Lowering the corporate tax rate would cost jobs.
Mind you, the job loss would not be among those sad grunts now pictured in newspapers, signing up for unemployment benefits. No, the new unemployed would be the well-paid tax attorneys who scour the tax code for loopholes. They would be followed in the unemployment line by the lobbyists who bustle around Capitol Hill fighting to keep those loopholes.
On its face, the current corporate tax rate seems punishingly high. There’s a very strong argument to be made that businesses, large or small, will be reluctant to hire or invest when faced with a marginal tax rate of 35 percent. And entrepreneurs might similarly feel discouraged from taking a risk when the rewards will be so heavily taxed. [Check out a roundup of political cartoons.]
Oh, were that it were so. Big corporations are masters at finding the (legal) loopholes that enable them to pay little or no tax. General Electric, for example, generated $10.3 billion in revenues in 2009, but paid no taxes on it—in fact, the company had a tax benefit of $1.1 billion, according to an excellent and maddening analysis by Forbes magazine. In 2008 the company’s effective tax rate was 5.3 percent, and in 2007, it was 15 percent. Other big companies behaved in a similar manner, avoiding taxes by cleverly putting their costs in U.S.-based enterprises and their profits, in lower-tax venues abroad. [See who donates the most money to your member of Congress.]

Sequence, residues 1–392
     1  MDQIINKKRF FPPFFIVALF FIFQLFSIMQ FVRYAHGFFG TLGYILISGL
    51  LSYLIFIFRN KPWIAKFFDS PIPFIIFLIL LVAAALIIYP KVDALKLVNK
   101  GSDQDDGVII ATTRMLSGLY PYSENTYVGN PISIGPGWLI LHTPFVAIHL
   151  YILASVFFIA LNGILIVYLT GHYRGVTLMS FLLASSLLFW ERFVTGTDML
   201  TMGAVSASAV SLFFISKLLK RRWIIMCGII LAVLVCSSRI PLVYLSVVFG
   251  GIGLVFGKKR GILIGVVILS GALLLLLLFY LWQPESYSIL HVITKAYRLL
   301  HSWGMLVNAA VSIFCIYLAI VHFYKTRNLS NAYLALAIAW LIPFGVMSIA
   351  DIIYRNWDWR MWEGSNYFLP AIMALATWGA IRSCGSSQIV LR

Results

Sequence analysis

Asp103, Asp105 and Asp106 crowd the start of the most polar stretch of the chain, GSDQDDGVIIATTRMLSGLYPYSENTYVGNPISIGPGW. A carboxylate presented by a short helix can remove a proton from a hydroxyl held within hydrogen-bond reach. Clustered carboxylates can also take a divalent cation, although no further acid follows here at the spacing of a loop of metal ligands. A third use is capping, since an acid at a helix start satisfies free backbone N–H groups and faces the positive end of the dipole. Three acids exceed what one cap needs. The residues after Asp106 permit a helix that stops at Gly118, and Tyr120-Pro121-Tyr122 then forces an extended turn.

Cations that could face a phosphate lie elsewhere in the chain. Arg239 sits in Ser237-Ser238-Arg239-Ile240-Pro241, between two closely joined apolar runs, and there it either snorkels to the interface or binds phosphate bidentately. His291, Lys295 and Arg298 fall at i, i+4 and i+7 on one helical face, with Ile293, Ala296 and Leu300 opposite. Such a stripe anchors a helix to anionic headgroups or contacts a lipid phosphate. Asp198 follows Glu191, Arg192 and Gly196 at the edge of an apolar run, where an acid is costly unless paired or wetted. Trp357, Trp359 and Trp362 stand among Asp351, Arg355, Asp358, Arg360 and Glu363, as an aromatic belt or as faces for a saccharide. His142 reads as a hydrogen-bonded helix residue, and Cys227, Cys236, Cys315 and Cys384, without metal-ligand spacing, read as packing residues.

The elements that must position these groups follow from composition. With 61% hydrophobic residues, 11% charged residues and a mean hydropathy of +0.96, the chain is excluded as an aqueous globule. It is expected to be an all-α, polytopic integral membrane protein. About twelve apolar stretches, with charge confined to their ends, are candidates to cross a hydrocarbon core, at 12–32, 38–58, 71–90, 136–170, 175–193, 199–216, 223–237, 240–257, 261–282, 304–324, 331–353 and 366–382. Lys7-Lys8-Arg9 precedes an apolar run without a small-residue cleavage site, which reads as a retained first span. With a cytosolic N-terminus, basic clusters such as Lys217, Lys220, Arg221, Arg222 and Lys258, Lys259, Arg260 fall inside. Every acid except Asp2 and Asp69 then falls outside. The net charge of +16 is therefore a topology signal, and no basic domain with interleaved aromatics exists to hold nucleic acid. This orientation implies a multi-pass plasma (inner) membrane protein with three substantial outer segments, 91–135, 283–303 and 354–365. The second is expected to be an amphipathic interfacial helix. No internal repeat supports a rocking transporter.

President Obama, in his budget, calls for an overhaul of the corporate tax code. While not mentioning specifics, the Obama administration wants to get rid of some loopholes, simplify the code itself, and lower nominal corporate tax rates. That’s a sensible approach to the entire tax code, except that the intricate network of lobbyists and special interests in Washington have made it extremely difficult, politically, to rid either the personal or corporate tax code of deductions and loopholes. If Congress and the White House can agree on even a partial overhaul of corporate taxes, perhaps there’s hope for overall tax reform.
Of course, that would be bad news for tax lawyers and lobbyists—especially when they learn that unemployment benefits are taxable.